|Have we reached the asymptotic plateau of innovation in programming la firstname.lastname@example.org (Rui Maciel) (2012-03-07)|
|Re: Have we reached the asymptotic plateau of innovation in programmin Pidgeot18@verizon.invalid (Joshua Cranmer) (2012-03-08)|
|Have we reached the asymptotic plateau of innovation in programming la email@example.com (SLK Systems) (2012-03-08)|
|Re: Have we reached the asymptotic plateau of innovation in programmin derek@_NOSPAM_knosof.co.uk (Derek M. Jones) (2012-03-08)|
|Re: Have we reached the asymptotic plateau of innovation in programmin firstname.lastname@example.org (George Neuner) (2012-03-08)|
|Re: Have we reached the asymptotic plateau of innovation in programmin email@example.com (Ian Lance Taylor) (2012-03-08)|
|Re: Have we reached the asymptotic plateau of innovation in programmin firstname.lastname@example.org (Cameron McInally) (2012-03-08)|
|Re: Have we reached the asymptotic plateau of innovation in programmin email@example.com (SLK Systems) (2012-03-09)|
|Re: Have we reached the asymptotic plateau of innovation in programmin firstname.lastname@example.org (Michael Dunlavey) (2012-03-09)|
|Re: Have we reached the asymptotic plateau of innovation in programmin derek@_NOSPAM_knosof.co.uk (Derek M. Jones) (2012-03-10)|
|Re: Have we reached the asymptotic plateau of innovation in programmin email@example.com (BGB) (2012-03-09)|
|[43 later articles]|
|From:||George Neuner <firstname.lastname@example.org>|
|Date:||Thu, 08 Mar 2012 17:41:58 -0500|
|Organization:||A noiseless patient Spider|
|Posted-Date:||08 Mar 2012 19:25:06 EST|
On Wed, 07 Mar 2012 13:52:47 +0000, Rui Maciel <email@example.com>
>... there appears to be no correlation
>between the success of a programming language and its emergence in the form
>of someone's doctoral or post-doctoral work. This bothers me a lot, as an
>academic. It appears that deep thoughts, consistency, rigor and all other
>things we value as scientists aren't that important for mass adoption of
Theoretical nicety and $3 will get you a cup of coffee. What matters
to adoption is utility and timing. Something that comes along at the
right time, works well enough and fills a void for enough people will
A lot of thought went into clean design for Scheme, ML and Haskell ...
but they have few adherents. Common Lisp, though it certainly has
theoretical underpinnings, is a mishmash of features borrowed from
previous languages - other Lisps, Algol, and even from Scheme. Common
Lisp has more users than Scheme, ML and Haskell combined.
In a number of ways Pascal was more powerfully expressive than C. But
Pascal had initial misfeatures that made it harder to use effectively
and, because it was envisioned originally for teaching, it omitted
some features that limited the scope of programs that could be
written. Subsequent extensions corrected many of the problems, and
new languages came along based upon Pascal that were superior to C in
nearly every way ... but too many people already had decided that C
was good enough.
>one striking commonality in all modern programming languages, especially
>the popular ones, is how little innovation there is in them!
Innovation in what sense?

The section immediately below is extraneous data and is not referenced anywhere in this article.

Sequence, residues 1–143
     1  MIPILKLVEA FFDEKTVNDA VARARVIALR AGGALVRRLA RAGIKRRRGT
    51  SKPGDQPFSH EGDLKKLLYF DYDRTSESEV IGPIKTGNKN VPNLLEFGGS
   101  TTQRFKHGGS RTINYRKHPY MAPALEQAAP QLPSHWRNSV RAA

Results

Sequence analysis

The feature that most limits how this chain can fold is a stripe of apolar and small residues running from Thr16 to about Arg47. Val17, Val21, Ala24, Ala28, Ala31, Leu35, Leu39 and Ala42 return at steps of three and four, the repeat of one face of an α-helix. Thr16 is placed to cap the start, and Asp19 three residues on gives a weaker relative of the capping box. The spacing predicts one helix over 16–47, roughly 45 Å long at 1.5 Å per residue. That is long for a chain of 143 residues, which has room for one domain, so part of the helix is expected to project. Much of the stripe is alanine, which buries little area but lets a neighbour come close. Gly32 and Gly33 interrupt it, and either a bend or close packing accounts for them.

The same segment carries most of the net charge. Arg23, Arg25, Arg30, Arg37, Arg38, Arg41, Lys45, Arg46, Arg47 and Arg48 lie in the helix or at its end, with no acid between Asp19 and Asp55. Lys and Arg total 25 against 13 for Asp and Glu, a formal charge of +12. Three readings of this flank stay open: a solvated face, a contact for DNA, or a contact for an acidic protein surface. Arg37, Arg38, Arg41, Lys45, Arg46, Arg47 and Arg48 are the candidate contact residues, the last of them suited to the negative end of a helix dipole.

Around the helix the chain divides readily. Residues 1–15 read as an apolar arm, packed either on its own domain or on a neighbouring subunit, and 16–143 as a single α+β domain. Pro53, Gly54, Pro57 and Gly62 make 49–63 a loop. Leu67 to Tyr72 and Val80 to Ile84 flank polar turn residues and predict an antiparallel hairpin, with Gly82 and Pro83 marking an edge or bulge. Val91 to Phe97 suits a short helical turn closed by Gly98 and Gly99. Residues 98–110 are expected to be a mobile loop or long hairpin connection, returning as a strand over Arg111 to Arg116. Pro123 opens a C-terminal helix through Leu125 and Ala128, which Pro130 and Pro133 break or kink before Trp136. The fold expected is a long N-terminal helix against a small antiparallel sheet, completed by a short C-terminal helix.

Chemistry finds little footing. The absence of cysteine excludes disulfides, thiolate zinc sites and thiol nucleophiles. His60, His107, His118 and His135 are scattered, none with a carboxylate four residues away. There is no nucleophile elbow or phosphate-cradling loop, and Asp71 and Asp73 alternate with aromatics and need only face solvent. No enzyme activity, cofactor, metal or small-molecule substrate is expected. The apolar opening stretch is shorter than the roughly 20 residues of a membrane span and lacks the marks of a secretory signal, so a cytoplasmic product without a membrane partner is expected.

It's true that no shocking new programming paradigm has come along
recently. That is to be expected. Despite some cultural differences,
humans all are wired similarly and tend to think about problems in
(combinations of) a relatively small number of ways. The existing
paradigms already address ways in which humans are known to be capable
of thinking (and even some ways they aren't - e.g., ANN).
A language that forces an unnatural way of thinking on the programmer
is not likely to be adopted. Many people have a hard time adjusting
to thinking in different ways. Witness that nearly all of the popular
languages are serially procedural. That implies heavily that the
majority of people think - or at least prefer to think - in that way.
>- So one pertinent question is: given that not much seems to have emerged
>since 1979 (that's 30+ years!), is there still anything to innovate in
More expressive static type systems and better type inferencing would
Something still is needed to better take advantage of parallelism.
Serial processing speeds ares not expected to improve in the near
future, and CSP (ala Hoare) at its current macro level of use has
reached it's limits. It's extremely difficult for a programmer to
identify all, or even most, of the parallelism potential in an
application and take advantage of it using existing CSP mechanisms.
There already are programming paradigms that better expose
parallelism, but we are lacking implementations that take advantage of
them. And some paradigms are difficult to use directly: e.g.,
dataflow, like continuation passing, often requires thinking about
inverted execution paths.
> Or have we reached the asymptotic plateau of
>innovation in this area?
Programming language design is not a single area - it encompasses
politics, logic, semantics, linguistics, mathematics, and even physics
because hardware ultimately decides what can be programmed and how.
>So, what are your views on this subject?
CREATE VIEW mine AS
SELECT opinion FROM me;
>[Personally, I'd say there's been precious little new in programming
>languages since Simula gave us OOP in the late 1960s. In your responses,
>please remember this is comp.compilers, not comp.semicolon-placement.flame.
I'd have to disagree with that. Declarative programming, though it
existed earlier (just as OO concepts existed prior to Simula), arose
as a paradigm in the 70's popularized by the introduction of Prolog.
As always, your semicolon placement may vary.
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